Available online at www.sciencedirect.com
Antibiotics and antibiotic resistanceinwater environments
, Jose´ -Luis Martı´ nez
and Rafael Canto´ n
Antibiotic-resistant organisms enter into water environmentsfrom human and animal sources. These bacteria are able tospread their genes into water-indigenous microbes, which alsocontain resistance genes. On the contrary, many antibioticsfrom industrial origin circulate in water environments,potentially altering microbial ecosystems. Risk assessmentprotocols for antibiotics and resistant bacteria in water, basedon better systems for antibiotics detection and antibiotic-resistance microbial source tracking, are starting to bediscussed. Methods to reduce resistant bacterial load inwastewaters, and the amount of antimicrobial agents, in mostcases originated in hospitals and farms, include optimization of disinfection procedures and management of wastewater andmanure. A policy for preventing mixing human-originated andanimal-originated bacteria with environmental organismsseems advisable.
Department of Microbiology, Ramo´ n y Cajal University Hospital,CIBER-ESP, Spain
National Center for Biotechnology, CSIC, Spain
Joint Unit for Antimicrobial Resistance and Virulence, 28034 Madrid,SpainCorresponding author: Baquero, Fernando ( firstname.lastname@example.org )
Current Opinion in Biotechnology
:260–265This review comes from a themed issue onEnvironmental BiotechnologyEdited by Carla Pruzzo and Pietro Canepari Available online 4th June 20080958-1669/$ – see front matter
2008 Elsevier Ltd. All rights reserved.
Human and animal pathogenic and potentially patho-genic bacteria are constantly released with wastewaterinto the water environment. Many of these organismsharbor antibiotic-resistance genes, eventually insertedinto genetic mobile platforms (plasmids, transposons,integrons) able to spread among water and soil bacterialcommunities . Water constitutes not only a way of dissemination of antibiotic-resistant organisms amonghuman and animal populations, as drinking water isproduced from surface water, but also the route by whichresistance genes are introduced in natural bacterial eco-systems. In such systems, nonpathogenic bacteria couldserve as a reservoir of resistance genes and platforms.Moreover, the introduction (and progressive accumu-lation) in the environment of antimicrobial agents, deter-gents, disinfectants, and residues from industrialpollution, as heavy metals, contributes to the evolutionand spread of such resistant organisms in the waterenvironment. The heavy use of prophylactic antibioticsin aquaculture  can be particularly relevant. On thecontrary, environmental bacteria act as an unlimitedsource of genes that might act as resistance genes whenentering in pathogenic organisms. Note that many of these genes are not primarily resistance genes, but belongto the hidden ‘resistome’ , the set of genes able to beconverted in antibiotic-resistance genes. Human healthrisk assessment protocols for antibiotic and resistant bac-teria in water are starting to be discussed . Certainly itis difﬁcult to believe why public health ofﬁcers and eco-toxicologists have failed for more than a century toseriously propose the absolute need of preventing themix between microorganisms from human–animal andenvironmental compartments.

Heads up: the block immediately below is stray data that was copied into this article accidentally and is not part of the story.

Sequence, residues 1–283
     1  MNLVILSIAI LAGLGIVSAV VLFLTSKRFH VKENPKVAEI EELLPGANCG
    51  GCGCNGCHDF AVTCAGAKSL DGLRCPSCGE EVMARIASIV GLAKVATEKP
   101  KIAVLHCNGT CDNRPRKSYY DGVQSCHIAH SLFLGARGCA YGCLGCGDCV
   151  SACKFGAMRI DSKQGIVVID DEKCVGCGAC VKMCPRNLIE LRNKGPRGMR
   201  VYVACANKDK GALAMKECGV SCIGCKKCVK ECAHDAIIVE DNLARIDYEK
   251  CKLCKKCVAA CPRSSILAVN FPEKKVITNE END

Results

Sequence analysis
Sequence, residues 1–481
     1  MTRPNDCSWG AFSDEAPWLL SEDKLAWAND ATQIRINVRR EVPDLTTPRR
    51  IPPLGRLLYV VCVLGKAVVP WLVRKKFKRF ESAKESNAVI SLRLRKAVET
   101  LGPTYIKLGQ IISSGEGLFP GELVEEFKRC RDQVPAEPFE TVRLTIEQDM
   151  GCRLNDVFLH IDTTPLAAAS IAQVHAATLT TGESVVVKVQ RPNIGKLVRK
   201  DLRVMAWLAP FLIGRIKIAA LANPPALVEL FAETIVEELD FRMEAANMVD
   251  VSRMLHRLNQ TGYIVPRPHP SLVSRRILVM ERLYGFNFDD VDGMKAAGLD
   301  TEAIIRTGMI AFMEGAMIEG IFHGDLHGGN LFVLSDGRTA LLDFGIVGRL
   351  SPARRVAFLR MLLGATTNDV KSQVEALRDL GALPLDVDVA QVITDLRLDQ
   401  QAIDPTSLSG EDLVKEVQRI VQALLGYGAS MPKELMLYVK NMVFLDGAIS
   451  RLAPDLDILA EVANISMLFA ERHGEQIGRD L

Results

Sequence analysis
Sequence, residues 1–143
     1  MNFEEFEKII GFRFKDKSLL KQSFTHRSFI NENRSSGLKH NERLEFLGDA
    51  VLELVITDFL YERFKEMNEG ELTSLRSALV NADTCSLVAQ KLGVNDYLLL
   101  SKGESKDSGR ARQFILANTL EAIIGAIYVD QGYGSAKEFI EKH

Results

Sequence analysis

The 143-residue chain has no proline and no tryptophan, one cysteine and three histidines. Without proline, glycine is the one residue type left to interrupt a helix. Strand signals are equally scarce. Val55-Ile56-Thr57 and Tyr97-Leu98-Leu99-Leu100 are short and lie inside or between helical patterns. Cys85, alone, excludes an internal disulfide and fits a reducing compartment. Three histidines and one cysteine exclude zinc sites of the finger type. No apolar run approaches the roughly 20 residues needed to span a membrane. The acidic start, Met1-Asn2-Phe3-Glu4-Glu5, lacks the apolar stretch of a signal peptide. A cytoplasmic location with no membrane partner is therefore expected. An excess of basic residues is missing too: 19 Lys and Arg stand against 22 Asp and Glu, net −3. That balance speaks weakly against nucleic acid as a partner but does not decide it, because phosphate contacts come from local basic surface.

The four genetic reactors in antibioticresistance
Antibiotic resistance evolves in bacteria because of theeffect of industrially produced antimicrobial agents onbacterial populations and communities. Genetic reactorsare places in which the occasion occurs for genetic evol-ution,particularlybecauseofhighbiologicalconnectivity,generation of variation, and presence of speciﬁc selection.Beyond mutational events, signiﬁcant genetic variationoccurs as a consequence of recombinatorial events, fre-quently resulting from genetic exchanges among organ-isms inside populations and communities. There are fourmain genetic reactors in which antibiotic resistanceevolves (Figure 1). The primary reactor is constitutedby the human and animal microbiota, with more than 500bacterial species involved, in which therapeutic or pre-ventive antibiotics exert their actions. The secondaryreactor involves the hospitals, long-term care facilities,farms, or any other place in which susceptible individualsare crowded and exposed to bacterial exchange. Thetertiary reactor corresponds to the wastewater and anytype of biological residues originated in the secondaryreactor, including for instance lagoons, sewage treatmentplants, or compost toilets, in which bacterial organismsfrom many different individuals have the opportunity tomix and genetically react. The fourth reactor is the soiland the surface or ground water environments, where thebacterial organisms originated in the previous reactorsmix and counteract with environmental organisms. Wateris involved as a crucial agent in all four genetic reactors,but particularly in the last ones. The possibility of redu-cing the evolvability of antibiotic resistance depends on
Current Opinion in Biotechnology